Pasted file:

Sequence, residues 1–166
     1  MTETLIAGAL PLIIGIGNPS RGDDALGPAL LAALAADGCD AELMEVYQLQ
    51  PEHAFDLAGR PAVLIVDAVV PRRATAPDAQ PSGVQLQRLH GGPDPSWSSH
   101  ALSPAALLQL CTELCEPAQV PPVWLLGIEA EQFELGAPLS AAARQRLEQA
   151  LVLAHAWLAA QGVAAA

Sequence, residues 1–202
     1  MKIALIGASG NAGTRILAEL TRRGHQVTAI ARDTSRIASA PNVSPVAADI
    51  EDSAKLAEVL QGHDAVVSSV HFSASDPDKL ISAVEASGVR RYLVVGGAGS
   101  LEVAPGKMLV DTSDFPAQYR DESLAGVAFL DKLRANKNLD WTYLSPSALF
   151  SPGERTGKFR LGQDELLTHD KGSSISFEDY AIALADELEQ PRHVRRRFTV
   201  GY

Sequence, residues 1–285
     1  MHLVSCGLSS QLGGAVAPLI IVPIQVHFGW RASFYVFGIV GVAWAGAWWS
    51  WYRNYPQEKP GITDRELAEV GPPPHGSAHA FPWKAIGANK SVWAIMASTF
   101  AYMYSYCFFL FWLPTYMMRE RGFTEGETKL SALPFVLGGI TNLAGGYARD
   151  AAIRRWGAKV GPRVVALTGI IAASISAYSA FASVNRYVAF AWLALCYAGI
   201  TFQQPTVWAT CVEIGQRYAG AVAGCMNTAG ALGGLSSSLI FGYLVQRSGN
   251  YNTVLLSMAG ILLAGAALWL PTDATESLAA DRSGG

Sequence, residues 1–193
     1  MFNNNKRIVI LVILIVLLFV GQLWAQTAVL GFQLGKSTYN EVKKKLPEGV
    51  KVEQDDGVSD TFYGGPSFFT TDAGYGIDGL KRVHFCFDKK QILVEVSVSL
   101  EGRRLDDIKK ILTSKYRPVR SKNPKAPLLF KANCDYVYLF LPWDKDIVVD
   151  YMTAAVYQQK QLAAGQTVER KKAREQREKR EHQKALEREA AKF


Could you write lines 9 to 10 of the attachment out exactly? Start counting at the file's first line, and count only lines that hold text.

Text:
   101  LEVAPGKMLV DTSDFPAQYR DESLAGVAFL DKLRANKNLD WTYLSPSALF
   151  SPGERTGKFR LGQDELLTHD KGSSISFEDY AIALADELEQ PRHVRRRFTV